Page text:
As I turned to look at my sister, I saw some people on the other side of the building… at the entrance to the OTHER chapel. So we ran again. Through bracken, over broken bricks & jumped over a 2ft wall to burst around the corner to find our family, all waiting to start going into the chapel. It was like a bad joke. A scene from a Richard Curtis movie but without Hugh Grant, just me saying “fuck” repeatedly.

Once we had regained composure and my sister had pointed out that my forehead was covered in bits of tissue from where I’d tried to wipe the aforementioned panic sweat from it, we all started to move into the chapel to finally say goodbye to my Unle Dave.

As funeral services go, it was as good as they get. Standing room only and then some – we couldn’t even close the chapel doors so many people had come to say a final farewell and pay their respects. They even had speakers outside. Over 100 people.  Not bad for a man who didn’t really say very much to anyone.

My Dad read a eulogy that had us crying and laughing, as the best eulogies do, and my Uncle’s cousin read a poem. My Aunt & Cousins had chosen some really lovely music to be played during (no hymns though as it was a humanist service) and then to bid him a final farewell the song he’d have loved the most – “Come On You Reds” by Status Quo, the Manchester United song of 1994. Brilliant!

Afterwards it was back to the hotel for the wake. A sit down meal for 100 people and more speeches: a letter from my cousin to her Dad, a goodbye speech from his best mate, a 10-minute speech from my Great Uncle who wasn’t going to make a speech and another impromptu speech from my Uncle’s Cousin. Everyone wanted to say goodbye to the Dave that they knew. Every one of us knew him differently and every one of us was devastated.

I’d stayed up until 3.20 that morning putting together a slide-show presentation of images of my Uncle Dave that were going to be projected onto a wall of the function room. One less job off my Cousin’s to-do list in the run up to the funeral I’d thought – she’s got enough on her plate. Except when I plugged the laptop into the projector and switched it all on it all it had all gone horribly wrong. Everything had either reverted to it’s uncropped state and/or become horribly distorted. Despite a 348th dry-run that morning before we set off.

NOOOOOOOOOOOOOOOOOO!

This cannot be happening to me. Not today, not now, not with this. I’d gladly let it happen to me in 100 client-facing presentations in the future if only it wouldn’t happen with this. But it did. Shit! Fortunately the team at the hotel were really lovely and let me camp out in their office for an hour while I re-cropped every single image. All 143 of them. Panic No. 2 over. Phew! Now to get on with spending time with my family and giving my Uncle Dave a great send off.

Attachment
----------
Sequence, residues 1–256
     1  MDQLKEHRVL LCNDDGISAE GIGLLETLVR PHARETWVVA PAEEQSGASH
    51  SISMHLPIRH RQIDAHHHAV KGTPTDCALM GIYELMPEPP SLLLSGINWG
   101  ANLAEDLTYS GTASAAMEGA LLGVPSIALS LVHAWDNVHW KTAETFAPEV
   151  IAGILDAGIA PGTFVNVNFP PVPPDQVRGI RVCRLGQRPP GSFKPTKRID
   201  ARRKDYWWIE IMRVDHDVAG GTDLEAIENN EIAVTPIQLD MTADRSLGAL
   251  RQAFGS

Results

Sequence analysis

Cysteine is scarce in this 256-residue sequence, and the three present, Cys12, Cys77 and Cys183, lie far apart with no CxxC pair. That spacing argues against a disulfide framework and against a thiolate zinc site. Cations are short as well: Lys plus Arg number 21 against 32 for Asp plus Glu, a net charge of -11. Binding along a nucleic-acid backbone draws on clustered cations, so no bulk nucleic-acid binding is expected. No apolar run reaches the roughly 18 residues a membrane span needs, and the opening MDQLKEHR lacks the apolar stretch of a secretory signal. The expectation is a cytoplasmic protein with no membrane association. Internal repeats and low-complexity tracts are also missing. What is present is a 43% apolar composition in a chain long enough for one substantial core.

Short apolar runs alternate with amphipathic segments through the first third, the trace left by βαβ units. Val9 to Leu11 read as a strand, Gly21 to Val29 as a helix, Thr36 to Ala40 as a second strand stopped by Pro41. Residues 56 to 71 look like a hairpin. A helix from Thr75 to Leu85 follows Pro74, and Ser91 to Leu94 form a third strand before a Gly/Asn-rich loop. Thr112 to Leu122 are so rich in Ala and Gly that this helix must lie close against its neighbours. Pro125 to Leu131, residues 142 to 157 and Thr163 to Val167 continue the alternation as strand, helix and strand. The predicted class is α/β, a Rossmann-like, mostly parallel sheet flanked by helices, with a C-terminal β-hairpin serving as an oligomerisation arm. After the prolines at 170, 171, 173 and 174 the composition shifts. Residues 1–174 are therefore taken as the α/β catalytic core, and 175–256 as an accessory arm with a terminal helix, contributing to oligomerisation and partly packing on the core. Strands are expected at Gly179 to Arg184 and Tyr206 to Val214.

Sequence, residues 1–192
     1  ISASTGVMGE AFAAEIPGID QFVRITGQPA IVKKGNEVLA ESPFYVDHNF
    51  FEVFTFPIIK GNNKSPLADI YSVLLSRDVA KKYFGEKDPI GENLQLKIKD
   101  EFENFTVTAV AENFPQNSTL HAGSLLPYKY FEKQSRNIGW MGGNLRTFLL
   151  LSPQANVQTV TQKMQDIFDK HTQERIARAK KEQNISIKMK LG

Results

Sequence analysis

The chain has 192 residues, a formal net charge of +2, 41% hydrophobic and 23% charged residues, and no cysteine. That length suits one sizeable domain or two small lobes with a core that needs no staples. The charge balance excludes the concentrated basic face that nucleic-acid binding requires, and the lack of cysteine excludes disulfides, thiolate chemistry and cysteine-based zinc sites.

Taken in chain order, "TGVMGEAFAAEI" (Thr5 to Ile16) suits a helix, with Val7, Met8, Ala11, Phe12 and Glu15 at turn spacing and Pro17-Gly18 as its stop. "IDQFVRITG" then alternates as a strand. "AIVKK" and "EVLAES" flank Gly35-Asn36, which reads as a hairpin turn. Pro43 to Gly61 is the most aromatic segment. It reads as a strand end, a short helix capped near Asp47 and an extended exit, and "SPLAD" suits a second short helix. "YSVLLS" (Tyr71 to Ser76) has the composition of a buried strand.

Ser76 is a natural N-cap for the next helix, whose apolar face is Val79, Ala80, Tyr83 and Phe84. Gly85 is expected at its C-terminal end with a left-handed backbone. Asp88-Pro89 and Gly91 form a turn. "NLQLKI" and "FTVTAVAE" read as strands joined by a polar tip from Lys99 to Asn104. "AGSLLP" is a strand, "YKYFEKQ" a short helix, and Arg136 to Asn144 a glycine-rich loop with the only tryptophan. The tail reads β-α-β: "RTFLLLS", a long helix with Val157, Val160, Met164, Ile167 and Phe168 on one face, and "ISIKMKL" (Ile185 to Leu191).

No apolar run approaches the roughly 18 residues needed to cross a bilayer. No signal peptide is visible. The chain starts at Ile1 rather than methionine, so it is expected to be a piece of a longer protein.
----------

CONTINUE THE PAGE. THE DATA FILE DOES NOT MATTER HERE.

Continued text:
And how we did – tears, grief, panics, wasp stings (my sister as we were getting into the car), speeches, wine aplenty (he’d have had it no other way) and family stories being trotted out left, right & centre.

Along with which comes all of my Aunts, Great Aunts, Second Cousins, family friends etc ruing the fact that we couldn’t all get together under nicer circumstances… like a wedding. “Isn’t it a shame we have no weddings planned?”,  “When are one of you lot going to get hitched then?”, looking my cousins, my sister and I in the face when they said it. Jeez people, we’re trying! 😉

And so, we gave him a typical family goodbye after the service, complete with 11 solid hours of drinking, reminiscing, story telling and laughter – lots and lots of laughter. He for one would have cried with laughter at the drama that I went through for him on the day – if I believed in ghosts then I’d be pretty sure that most of it was his doing as it was his sense of humour to a tee!

But we gave him the send off he deserved & one I know he would have wanted. He’d probably be pretty gutted to have missed it.

I know we were all devastated that he had to.

Dave Smalley - Deeply Missed

Dave Smalley - Deeply Missed

I Wasn’t Ready

I wasn’t ready at all.

None of us were.

He was fighting the Leukemia. Fighting it like the stubborn, obstinate bloke that we all knew him to be and loved him for. Since the bone marrow transplant in May he hadn’t been the best and was really ill, but we had been forewarned to expect this though and hard as it was, we all knew that it was all part of the road to recovery.

And then it happened. A brain haemorrhage on the Thursday, a rush to hospital and a phone call from my Dad about 10.45pm. Typical Dad fashion; trying to find a way to tell me the news without upsetting & worrying me. His voice at once heartbreaking and still somehow comforting, the way only my Dad’s can be.

That’s when I really hate living in a different country to my family. Immediately what’s only a relatively small distance between them & me feels like an immeasurable amount because I can’t be there with them instantly – I might as well be living on the moon.

But what could I do even if I was at home? So I waited. We all did. The next 24 hours were going to be critical according to the hospital. We just needed to wait and see. Friday was a bit of a blur of phone calls and checking my phone every few minutes to make sure I hadn’t missed anyone.